Tell all the guinea pigs you know they should get more fish fat in their diets. Omega-3 fats found in fish oil cut the incidence of osteoarthritis in guinea pigs
New research has shown for the first time that omega-3 in fish oil could "substantially and significantly" reduce the signs and symptoms of osteoarthritis.
According to the University of Bristol study, funded by Arthritis Research UK and published in the journal Osteoarthritis and Cartilage, omega-3-rich diets fed to guinea pigs, which naturally develop osteoarthritis, reduced disease by 50 per cent compared to a standard diet.
The research is a major step forward in showing that omega-3 fatty acids, either sourced from fish oil or flax oil, may help to slow down the progression of osteoarthritis, or even prevent it occurring, confirming anecdotal reports and "old wives' tales" about the benefits of fish oil for joint health.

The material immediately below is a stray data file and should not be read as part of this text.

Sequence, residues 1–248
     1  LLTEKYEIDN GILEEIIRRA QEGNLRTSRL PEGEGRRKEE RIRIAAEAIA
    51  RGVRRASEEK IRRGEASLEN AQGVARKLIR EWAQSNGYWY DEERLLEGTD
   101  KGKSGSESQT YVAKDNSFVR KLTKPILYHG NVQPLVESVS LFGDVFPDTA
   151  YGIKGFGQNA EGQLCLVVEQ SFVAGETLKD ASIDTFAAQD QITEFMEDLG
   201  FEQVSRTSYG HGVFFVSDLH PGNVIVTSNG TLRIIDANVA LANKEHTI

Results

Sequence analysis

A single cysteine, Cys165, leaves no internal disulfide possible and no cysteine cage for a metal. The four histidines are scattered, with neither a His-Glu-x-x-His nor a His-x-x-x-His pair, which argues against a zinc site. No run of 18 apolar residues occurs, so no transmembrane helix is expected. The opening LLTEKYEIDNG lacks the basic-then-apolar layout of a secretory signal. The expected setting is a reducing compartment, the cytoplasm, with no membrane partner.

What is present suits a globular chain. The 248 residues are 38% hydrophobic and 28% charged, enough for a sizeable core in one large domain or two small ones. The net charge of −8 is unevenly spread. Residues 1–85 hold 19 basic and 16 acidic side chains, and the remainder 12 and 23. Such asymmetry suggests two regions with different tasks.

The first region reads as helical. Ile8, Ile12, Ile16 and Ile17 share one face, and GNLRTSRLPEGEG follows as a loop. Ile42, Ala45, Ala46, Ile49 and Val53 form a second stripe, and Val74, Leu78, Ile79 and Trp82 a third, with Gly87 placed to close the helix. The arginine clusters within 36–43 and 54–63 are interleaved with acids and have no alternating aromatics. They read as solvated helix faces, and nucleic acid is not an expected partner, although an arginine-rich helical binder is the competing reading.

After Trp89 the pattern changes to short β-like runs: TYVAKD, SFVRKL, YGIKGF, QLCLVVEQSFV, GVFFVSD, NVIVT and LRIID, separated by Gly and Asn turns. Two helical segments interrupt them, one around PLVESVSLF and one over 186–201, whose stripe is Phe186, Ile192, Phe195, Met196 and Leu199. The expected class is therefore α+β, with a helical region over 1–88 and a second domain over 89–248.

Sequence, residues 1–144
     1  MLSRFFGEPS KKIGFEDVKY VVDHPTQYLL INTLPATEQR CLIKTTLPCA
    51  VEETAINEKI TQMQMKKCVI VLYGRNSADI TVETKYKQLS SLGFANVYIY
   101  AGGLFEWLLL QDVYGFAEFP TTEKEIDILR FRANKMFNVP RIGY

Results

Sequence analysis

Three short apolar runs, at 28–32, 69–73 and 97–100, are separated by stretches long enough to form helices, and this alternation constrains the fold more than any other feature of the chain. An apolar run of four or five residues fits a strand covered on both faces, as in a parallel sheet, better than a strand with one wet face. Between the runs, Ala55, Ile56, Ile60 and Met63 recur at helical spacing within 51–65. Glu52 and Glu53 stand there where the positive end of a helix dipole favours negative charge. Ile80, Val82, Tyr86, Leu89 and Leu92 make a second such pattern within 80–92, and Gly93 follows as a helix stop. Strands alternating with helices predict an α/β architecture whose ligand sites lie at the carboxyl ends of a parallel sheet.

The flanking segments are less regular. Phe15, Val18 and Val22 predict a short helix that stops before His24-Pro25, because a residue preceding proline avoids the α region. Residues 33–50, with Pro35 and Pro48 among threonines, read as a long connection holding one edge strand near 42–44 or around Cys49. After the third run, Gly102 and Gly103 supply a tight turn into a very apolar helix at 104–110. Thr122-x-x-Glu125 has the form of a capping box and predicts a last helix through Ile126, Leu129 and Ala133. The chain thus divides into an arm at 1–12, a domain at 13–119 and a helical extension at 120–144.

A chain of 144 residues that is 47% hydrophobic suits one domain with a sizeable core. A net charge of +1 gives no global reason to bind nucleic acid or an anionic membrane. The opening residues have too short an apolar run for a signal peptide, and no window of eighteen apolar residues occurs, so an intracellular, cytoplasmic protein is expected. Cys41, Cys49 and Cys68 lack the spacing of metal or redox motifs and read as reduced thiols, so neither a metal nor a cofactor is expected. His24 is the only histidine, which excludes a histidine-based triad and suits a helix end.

Lead researcher Dr John Tarlton, from the Matrix Biology Research group at the University of Bristol's School of Veterinary Sciences, said classic early signs of the condition, such as the degradation of collagen in cartilage and the loss of molecules that give it shock-absorbing properties, were both reduced with omega-3.
In humans getting more omega 3 fatty acids appears to cut inflammation.
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